, , , , ,

Here I will copy and paste my reply to that last, very long-winded, and unlettered comment. It shows the anger and contempt I feel for these occurrences of self-deception.

It was typed on my mobile phone and in haste – forgive my terrible orthographic projection.   Wherever possible, I have omitted the other person’s name and or any references to their identity.

(Name), everything you’ve written shows that you have no clear understanding of science or its processes. A solid methodology is essential to the pursuit of all truth, absolute or relative. There is no evidence of what you claim – about these “unseen” realms – none whatsoever. I maintain that there is no other way of knowing aside from empirism. Further, you indulge in long-winded, postmodern deconstructionism in order to avoid my challenge; science has dealt with the claims you make and found them false. My thought experiment was about having you think of what true progress has been brought about by magical thinking; instead you make the mistake of moving the scientific goal post… a deplorable logical fallacy in and of itself. Then, you make blanket statements about skeptics: did your effective intuition lead you to those conclusions? Also, you try to separate your beliefs from religiosity by appealing to the meme of scientific fundamentalism. Science doesn’t claim to know everything (strawman argument), in fact, to be effective it demands intellectual honesty, which precludes holding onto absolutes, even when they are evident. Religion is based on supernatural premises like your spiritual ideal; it is entirely faith-based, demanding credence on no or bad evidence.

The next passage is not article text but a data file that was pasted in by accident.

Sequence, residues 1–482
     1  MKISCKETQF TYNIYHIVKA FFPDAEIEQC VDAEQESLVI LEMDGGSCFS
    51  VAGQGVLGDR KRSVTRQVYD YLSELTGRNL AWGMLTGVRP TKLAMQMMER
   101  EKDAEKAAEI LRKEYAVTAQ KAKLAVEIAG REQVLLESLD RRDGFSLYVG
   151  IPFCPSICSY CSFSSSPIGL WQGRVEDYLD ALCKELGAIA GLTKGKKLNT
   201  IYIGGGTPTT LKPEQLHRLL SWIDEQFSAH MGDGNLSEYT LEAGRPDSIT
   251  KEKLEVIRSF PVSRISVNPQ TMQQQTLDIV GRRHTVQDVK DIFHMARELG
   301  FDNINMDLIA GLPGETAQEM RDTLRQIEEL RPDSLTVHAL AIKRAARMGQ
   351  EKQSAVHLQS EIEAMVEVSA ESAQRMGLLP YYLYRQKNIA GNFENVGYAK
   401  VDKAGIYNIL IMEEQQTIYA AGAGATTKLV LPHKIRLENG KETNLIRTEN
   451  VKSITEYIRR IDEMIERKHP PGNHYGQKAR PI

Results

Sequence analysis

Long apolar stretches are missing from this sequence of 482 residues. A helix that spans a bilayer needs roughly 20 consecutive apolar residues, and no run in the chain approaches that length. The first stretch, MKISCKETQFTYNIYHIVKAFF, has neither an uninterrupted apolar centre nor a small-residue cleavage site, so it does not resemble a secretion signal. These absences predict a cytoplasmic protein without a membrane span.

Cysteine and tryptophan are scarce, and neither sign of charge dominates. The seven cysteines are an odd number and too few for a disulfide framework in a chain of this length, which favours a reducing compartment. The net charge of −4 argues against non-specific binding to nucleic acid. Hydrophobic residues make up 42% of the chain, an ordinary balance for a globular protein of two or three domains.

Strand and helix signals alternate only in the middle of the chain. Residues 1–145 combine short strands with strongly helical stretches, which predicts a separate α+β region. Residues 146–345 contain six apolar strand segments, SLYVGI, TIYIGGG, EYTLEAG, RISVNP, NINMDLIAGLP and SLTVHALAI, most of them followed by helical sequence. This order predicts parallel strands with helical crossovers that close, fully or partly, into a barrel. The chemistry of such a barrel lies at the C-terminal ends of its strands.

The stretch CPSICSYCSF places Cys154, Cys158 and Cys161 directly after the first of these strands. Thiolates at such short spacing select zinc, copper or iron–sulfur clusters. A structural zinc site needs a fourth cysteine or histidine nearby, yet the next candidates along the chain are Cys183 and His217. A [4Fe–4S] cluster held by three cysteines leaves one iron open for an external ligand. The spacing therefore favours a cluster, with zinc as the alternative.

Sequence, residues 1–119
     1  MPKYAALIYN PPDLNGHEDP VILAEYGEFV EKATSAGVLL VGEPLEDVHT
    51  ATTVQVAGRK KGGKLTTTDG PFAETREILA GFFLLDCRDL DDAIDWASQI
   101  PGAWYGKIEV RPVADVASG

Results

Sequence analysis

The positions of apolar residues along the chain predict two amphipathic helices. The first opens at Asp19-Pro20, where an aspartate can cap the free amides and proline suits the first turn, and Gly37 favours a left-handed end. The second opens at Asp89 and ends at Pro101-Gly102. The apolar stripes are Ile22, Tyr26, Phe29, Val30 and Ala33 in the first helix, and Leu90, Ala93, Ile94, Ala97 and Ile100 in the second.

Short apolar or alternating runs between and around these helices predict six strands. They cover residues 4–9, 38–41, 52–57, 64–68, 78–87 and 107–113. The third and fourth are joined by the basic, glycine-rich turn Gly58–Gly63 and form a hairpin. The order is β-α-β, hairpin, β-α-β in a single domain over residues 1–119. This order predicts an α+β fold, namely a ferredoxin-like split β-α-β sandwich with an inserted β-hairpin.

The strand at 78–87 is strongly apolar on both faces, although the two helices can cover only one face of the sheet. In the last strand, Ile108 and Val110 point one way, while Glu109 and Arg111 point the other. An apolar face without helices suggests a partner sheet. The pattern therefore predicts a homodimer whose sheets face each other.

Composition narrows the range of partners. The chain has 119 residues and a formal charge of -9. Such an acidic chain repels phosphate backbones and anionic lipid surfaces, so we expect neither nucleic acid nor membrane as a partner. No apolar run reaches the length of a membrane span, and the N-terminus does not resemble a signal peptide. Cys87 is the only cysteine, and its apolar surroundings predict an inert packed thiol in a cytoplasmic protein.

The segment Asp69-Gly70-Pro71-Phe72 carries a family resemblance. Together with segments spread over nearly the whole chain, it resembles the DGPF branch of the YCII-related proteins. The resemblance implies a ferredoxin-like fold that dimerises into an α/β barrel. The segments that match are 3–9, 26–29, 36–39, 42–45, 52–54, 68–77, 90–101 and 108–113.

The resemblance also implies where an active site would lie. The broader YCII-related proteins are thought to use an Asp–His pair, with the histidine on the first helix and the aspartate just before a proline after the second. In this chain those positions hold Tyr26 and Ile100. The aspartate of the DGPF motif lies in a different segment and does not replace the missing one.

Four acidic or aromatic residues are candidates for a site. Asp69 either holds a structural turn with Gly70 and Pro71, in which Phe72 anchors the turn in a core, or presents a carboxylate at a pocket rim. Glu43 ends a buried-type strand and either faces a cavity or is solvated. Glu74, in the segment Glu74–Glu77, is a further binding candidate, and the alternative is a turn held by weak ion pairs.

It’s clear you don’t like Bronwen because she challenges the ideas you hold dear. But your conclusion on her personality is based on a nothing more than evidence-less speculation, and this is all that can come from this “intuition” you behevemently defend.

And by the way, science is incompatible with supernatural belief, which can only be studied from within a psychological framework as a form of psychopathology. You’d do better to say that you believe in these ideas because they feel good to you; because you really want them to be true, or simply because they make good storytelling. Part of growing up is coming to grips with the notion that some things are true regardless of how we feel about them, and likewise, other things are not.

Now, being skeptical, and valuing evidence, logic, and reason doesn’t mean I am negative or sad, on the contrary, I am happier and healthier because I’m free from the constraints of mysticism and superstition. I am free to explore the world and reality in a way that is both, intellectually and morally sound.

There are so many things in your rethoric that trespass into nonsense – your claim that not all scientists are rationalist is true – but the correlation is false. There are religious scientists, but they never bring religion into the lab; they know that it doesn’t belong there. Take a look at some statistics on the percentage of believing scientists.

After all this, you may be inclined to label me a zealot or a fundamentalist, but my challenge remains, what good is this “unseen realms” BS if can’t lead us to any truth? I’ll also have you know that I have studied contemplative practices in Buddhism and Hinduism; I did my years in a cave, and invariably, the deeper one goes into mindfulness, the clearer it becomes that the supernatural is an illusion, a psychological construct humans employ to make sense of a chaotic world.

I’ll be happy to discuss transcendence through meditation with anyone, I teach it as part of several of my programs, but if you or anyone tells me that there is a paranormal basis to these ideas, then you are under a grave misapprehension.

Original Screenshots (2 screenshots)